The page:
A planning decision in Peyia which has been effectively overturned by the government has been questioned by the local mayor and other authorities.
The move would allow a local developer to go ahead with the construction of a number of buildings at hugely popular Coral Bay.
Developer Leptos’ application was rejected in 2005, as provisions of the Paphos local plan and other legislation on public pathways and ravines were not met, according to the local mayor Marinos Lambrou.
However, in May last year, the cabinet upheld the developer’s appeal, with stipulations. The mayor and the council only found out about it in September. This caused uproar with both residents and officials
Since then, two Peyia residents and the council have launched separate appeals against the move and the cases are now being consolidated as lawyers prepare to make the case, Peyia councillor Linda Leblanc told the Cyprus Mail.
The contentious issue concerns Leptos’ appeal to build 22 villas, a restaurant and services on a piece of land which sits above blue flagged Coral Bay beach.
The government’s 2018 decision to allow an appeal by the developer to build next to Coral Bay is described by officials as scandalous and overrules a town-planning decision.
A proposal by the Disy parliamentary group to amend the property law, which currently does not permit the abolition or moving of public footpaths, or riverbeds, would directly benefit the developer, in this case, Leptos, said Leblanc. It would permit the privatisation of public land, such as footpaths and riverbeds.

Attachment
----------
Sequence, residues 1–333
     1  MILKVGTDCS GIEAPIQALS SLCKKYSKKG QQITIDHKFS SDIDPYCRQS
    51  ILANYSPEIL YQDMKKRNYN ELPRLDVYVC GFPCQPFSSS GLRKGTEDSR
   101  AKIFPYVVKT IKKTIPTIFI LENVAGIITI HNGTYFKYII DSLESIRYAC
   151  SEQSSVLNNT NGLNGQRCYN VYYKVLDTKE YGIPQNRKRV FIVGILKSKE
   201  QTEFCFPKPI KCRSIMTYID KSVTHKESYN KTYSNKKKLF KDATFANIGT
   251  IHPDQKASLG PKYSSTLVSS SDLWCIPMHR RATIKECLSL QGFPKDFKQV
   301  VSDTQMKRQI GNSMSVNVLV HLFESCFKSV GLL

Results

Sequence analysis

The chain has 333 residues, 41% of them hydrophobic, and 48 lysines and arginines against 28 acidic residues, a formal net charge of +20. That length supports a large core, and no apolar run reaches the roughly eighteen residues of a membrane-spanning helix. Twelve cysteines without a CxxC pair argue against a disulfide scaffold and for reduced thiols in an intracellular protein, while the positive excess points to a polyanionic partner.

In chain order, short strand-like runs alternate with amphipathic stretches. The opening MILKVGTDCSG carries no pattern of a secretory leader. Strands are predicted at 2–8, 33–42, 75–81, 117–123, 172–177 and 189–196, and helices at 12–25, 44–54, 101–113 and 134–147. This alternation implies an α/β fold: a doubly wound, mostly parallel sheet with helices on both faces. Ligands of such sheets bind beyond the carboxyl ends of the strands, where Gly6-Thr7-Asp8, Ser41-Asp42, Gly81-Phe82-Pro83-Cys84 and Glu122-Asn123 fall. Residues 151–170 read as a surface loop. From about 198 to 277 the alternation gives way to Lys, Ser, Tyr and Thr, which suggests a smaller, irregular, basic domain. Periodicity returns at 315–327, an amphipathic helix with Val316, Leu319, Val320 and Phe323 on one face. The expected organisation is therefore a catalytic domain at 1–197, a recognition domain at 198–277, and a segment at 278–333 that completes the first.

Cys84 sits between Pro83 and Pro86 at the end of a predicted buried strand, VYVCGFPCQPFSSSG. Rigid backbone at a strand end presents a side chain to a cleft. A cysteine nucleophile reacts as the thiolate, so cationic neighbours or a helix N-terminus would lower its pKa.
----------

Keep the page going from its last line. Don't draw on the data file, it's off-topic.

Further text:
On the plot concerned, there are two public footpaths and a public riverbed.
“Peyia council is not against Leptos developing that plot, but it has to comply with the zoning law and not by getting some backroom deal with the government,” said Leblanc.
Green MP, George Perdikis and Akel MP, Irini Charalambidou, tabled the subject to the House this week and spoke of the possible split of public money due to the decision for the abolition of public footpaths and riverbeds for the purpose of authorising coastal development in Peyia.
The Greens along with the mayor and local council are strongly against granting any authorisation to the development in the Coral Bay area, as they consider the procedure followed by the ministry of the interior, ‘illegal and abusive’. For the development to be built there is only possible by removing or shifting public footpaths and a river bed, they said in a statement.
The public trails and public riverbeds included in the development are of high importance to the municipality, said the Greens, while approval of the developer’s request is against the public interest as their removal will cut off and restrict access to the public beach at Coral Bay.
“One of the most popular beaches in our country will become a courtyard only for some villas. We are very saddened to see a further development planned at the expense of the environment and the local people.”
Lambou previously noted that the proposal would virtually block of any access to the bay.